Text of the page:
We’re spending more … for you!

From Politico:

Murphy outlines $53B plan for ‘Next New Jersey’ in budget speech

Gov. Phil Murphy on Tuesday outlined a $53.1 billion budget that supports what he calls the “Next New Jersey” as the state faces the prospect of a recession after recovering from the Covid-19 pandemic.

Loaded with billions to cut another round of rebate checks to taxpayers, stockpile savings and pay down debt, the spending plan is once again the biggest in state history, but does not include new taxes or fare increases for NJ Transit riders. It doesn’t include any notable new programs, either, but instead builds on the foundation the Democratic governor laid in budgets past with an eye on what he called affordability, responsibility and opportunity.

“This entire budget is purpose-built to help you find your place in the Next New Jersey by securing your place in the New Jersey of right now,” Murphy said in a roughly 50-minute speech. “Indeed, this is a budget focused on the pocketbooks of our families.”

Murphy’s annual address kicks off months of negotiations with the Democratic-led Legislature that inevitably will lead to changes and late deal-making. Last year, for example, lawmakers added millions in pet projects to Murphy’s proposed $48.9 billion budget, bringing the total to $50.6 billion when he signed it in June.

With all 120 seats in the Legislature on the ballot in November — the first election since Democrats lost several seats in a surprisingly strong Republican cycle in 2021 — it wouldn’t be surprising to see another year of padded spending to arm incumbents with arguments for reelection.

And Democrats already have one perk to show off to voters: the ANCHOR property tax rebate checks hitting mailboxes this spring. That program, first launched last year, delivers up to $1,500 to about 1.5 million homeowners and renters in an attempt to soften the blow of the state’s nation-leading property taxes.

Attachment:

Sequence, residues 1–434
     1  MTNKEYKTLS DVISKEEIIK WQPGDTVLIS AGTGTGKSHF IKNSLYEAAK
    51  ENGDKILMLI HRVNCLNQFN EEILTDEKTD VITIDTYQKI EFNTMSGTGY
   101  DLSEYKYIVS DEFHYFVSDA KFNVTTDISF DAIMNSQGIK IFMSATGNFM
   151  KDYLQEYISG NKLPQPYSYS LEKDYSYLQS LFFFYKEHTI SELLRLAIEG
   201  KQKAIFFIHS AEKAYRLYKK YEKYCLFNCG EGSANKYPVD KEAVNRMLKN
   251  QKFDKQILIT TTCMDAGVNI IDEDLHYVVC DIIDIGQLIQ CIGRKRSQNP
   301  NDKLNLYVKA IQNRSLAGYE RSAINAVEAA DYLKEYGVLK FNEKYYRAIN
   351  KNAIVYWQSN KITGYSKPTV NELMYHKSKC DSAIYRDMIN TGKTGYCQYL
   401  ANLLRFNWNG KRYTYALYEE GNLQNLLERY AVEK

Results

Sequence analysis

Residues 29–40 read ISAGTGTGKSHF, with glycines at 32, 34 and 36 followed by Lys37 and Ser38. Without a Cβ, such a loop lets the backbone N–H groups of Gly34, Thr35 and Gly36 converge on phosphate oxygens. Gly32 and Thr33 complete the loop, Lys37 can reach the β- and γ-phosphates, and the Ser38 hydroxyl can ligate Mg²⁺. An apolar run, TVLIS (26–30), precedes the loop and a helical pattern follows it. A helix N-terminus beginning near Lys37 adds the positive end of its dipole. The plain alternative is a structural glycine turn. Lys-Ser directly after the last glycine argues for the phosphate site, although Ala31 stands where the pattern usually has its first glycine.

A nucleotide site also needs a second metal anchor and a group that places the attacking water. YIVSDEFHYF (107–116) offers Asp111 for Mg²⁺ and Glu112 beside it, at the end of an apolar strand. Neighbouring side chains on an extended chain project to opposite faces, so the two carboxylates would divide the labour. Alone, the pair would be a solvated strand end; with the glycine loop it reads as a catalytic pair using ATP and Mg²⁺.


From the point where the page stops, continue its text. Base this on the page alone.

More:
Murphy is proposing to continue that program for another year at a cost of $2 billion.

Murphy also wants to double the state’s child tax credit from $500 to $1,000 for each child younger than five years old. And for seniors, he wants to expand the Senior Freeze property tax reimbursement program to people with incomes up to $150,000. Last year, the income limit was $100,000.

This entry was posted in Economics, New Jersey Real Estate, Politics, Property Taxes. Bookmark the permalink.

65 Responses to We’re spending more … for you!

  1. dentss Dunnigan says:


  2. dentss dunnigan says:

    We relied on the government to help us safely navigate national emergencies (terrorism, natural disasters, global pandemics, etc.) only to find ourselves forced to relinquish our freedoms on the altar of national security, yet we’re no safer (or healthier) than before.

  3. leftwing says:

    You fast

  4. grim says:

    Wow, Lightfoot given the boot … hard.

  5. 3b says:

    Surprised on Lightfoot, supposedly many of her progressive supporters turned on her as well.

  6. Juice Box says:

    Paul Vallas who came in second is no prize he ran the Chicago school system,

  7. Phoenix says:

    Lightfoot was voted in as the captain of a sinking lifeboat. As everyone drowns they are desperate to find someone to help bail them out of something that you can no longer bail yourself out of.

    America’s social structure looks like the bridge in Eddie’s picture. And just like the bridge, no one in politics seems to care.

    United we stand, divided we fall. Choose one.

    I remember a YT video taking about the beginnings of radio broadcast, how it was described as an amplifier (not the electrical one), but how one person on a microphone could affect millions by radio transmission.

    Social media is that on steroids.

  8. Phoenix says:

    Capitalism at it’s finest. Sure it’s a good thing, so is a carburetor or fuel injection. Notice both have a way to throttle them?